Buying Sunday on a Monday, a Tuesday, a Wednesday….

What a glorious sight to wake up to! We were free camping in Delphi – once regarded as the centre of the world and you can see why! (For more on our Delphi adventure see https://saltytalesfrombalihai.com/2019/11/24/the-inexplicable-mystique-of-delphi/)

What a view to wake up to

We decided to drive down the mountain to take a closer look at the coastline which we could see in the distance from high up on the slopes of Mt Parnassus.

The road down to the valley – just look at those hairpin bends!

Winding back down the hairpin bends was a little less fraught than on the way up which was a good thing. Before too long we were down on the floor of the deep Amfissa valley, passing through hundreds upon hundreds of beautiful olive trees.

Driving through the famous Amfissa olive groves
There was mile upon mile of olive trees

Soon we were at the coast driving past Itea, a lovely little seaside town with a nice anchorage (we were scouting for good spots to stop next season!) and a great place to take boat guests because of its proximity to amazing Delphi.

Itea looked like a good place to anchor
Looking back on Itea

The coastline was incredibly beautiful but in places bauxite mining had produced big scars in the hillside and the roads were covered in red dust.

The coastline was quite beautiful
It looked like there were some lovely places to anchor
Scars left by bauxite mining
A bauxite storage area- with lots of red dust

As we wanted to get back to the marina in Athens ready for the sea trial of Sunday – the Lagoon 420 catamaran we were buying – we didn’t spend too long exploring the coastline.

Driving through the small town of Delphi

Again we climbed the hairpin bends up Mt Parnassus to Delphi as the coast road back to Athens looked to be a little too narrow for us in the campervan.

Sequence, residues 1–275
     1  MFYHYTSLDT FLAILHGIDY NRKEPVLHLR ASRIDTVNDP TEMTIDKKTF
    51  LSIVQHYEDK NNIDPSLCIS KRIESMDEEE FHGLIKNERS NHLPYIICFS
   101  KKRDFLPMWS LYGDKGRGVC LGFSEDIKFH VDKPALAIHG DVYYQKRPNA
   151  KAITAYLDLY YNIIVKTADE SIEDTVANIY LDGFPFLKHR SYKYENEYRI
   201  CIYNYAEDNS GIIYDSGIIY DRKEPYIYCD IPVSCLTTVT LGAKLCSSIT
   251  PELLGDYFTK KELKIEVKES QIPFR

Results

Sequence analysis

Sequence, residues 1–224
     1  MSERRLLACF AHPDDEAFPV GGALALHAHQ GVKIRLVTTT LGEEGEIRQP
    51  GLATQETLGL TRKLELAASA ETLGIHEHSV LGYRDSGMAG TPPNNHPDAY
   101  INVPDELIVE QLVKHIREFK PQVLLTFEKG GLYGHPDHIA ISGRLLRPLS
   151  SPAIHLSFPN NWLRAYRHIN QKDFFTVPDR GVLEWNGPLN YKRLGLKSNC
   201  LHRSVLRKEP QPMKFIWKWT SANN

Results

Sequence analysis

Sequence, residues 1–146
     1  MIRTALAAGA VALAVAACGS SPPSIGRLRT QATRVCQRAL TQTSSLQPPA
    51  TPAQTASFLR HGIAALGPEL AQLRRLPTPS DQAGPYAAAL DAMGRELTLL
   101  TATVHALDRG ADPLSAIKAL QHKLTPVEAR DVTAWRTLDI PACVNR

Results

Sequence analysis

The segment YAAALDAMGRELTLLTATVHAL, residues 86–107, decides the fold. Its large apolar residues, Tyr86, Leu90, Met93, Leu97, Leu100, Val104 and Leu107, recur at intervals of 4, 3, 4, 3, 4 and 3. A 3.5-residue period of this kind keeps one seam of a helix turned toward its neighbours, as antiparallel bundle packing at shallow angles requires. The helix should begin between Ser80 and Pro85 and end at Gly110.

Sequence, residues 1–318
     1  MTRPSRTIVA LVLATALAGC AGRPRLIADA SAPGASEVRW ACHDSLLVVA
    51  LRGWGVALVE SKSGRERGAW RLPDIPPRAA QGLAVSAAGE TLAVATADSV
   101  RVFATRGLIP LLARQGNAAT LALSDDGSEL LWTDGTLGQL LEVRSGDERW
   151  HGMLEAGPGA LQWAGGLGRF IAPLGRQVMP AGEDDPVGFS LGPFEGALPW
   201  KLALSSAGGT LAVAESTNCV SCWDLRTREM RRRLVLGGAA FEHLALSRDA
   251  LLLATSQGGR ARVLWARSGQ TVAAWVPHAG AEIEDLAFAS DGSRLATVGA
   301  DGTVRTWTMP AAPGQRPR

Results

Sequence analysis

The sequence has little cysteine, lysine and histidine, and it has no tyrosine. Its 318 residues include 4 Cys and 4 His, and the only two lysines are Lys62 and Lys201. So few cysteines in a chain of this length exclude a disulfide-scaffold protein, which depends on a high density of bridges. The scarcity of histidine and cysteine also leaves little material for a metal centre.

A beautiful sunset back at the marina in Athens

Much as we loved our visit to Delphi it was great to be back near the water again and to enjoy a beautiful sunset bathing the masts of hundreds of yachts in a warm orange glow.

There are many marine supply shops within walking distance of Alimos Marina – which is heavenly for Jonathan – and the biggest and best seems to be Nautilus so we opened an account there.

Yachtie heaven!
So much to look at!

Our first purchase was a 33 kilo Rocna anchor. We loved the (smaller) one we had on Bali Hai with its ability to reset itself in circumstances such as rapidly changing wind speed and direction.

A 33 kilo Rocna anchor

Following quickly behind, our second large purchase is going to be a barbecue. Well, we are officially an Aussie and a Kiwi so that goes without saying!

We thought we would probably have the sea trial the following day (Monday) but it turned out to be a public holiday – called Oxi (NO) day. This commemorates the day the Greeks rejected the ultimatum made by Italian dictator Benito Mussolini on October 28, 1940. Mussolini had demanded that Greece allow Axis forces to enter Greek territory and occupy certain unspecified “strategic locations” or otherwise, face war.

The events of 1940 are commemorated every year with military and student parades.

We didn’t realise what a big event this was and unwittingly got caught up in road closures and diversions when we went out for a drive.

This road is normally teeming with traffic

We were a little surprised to see an empty road when we turned out of the marina into the main road but then, realising that a street parade was about to start, we decided to go back to our parking spot at the marina.

Unfortunately by then the road going back had been closed so we ended up going round in circles through extremely narrow back streets for what seemed like hours!

This road wasn’t too bad but we ended up in streets with vehicles parked on either side. Thank goodness we negotiated them without breaking anything!
The road was decorated with lots of Greek flags

The next day was Tuesday and the moment had finally arrived when we would get to go out on Sunday for the sea trial.

Sunday at the ready

There were only five of us who went out as Nicos and Manos, Sunday’s owners, had other things on. So Sayeed, who has been employed to care for Sunday for the past ten years, Philippos, a hired skipper, William Walsh, the surveyor, and the two of us headed out of the marina.

Leaving the marina at last
Lots of sails drying in the marina ready to be put away for winter

It was a great feeling looking back to the land as we departed the marina and saw the whole of Athens spread out like a white toy town. It was fantastic to be on the water and feel the salty wind in my hair again after too long.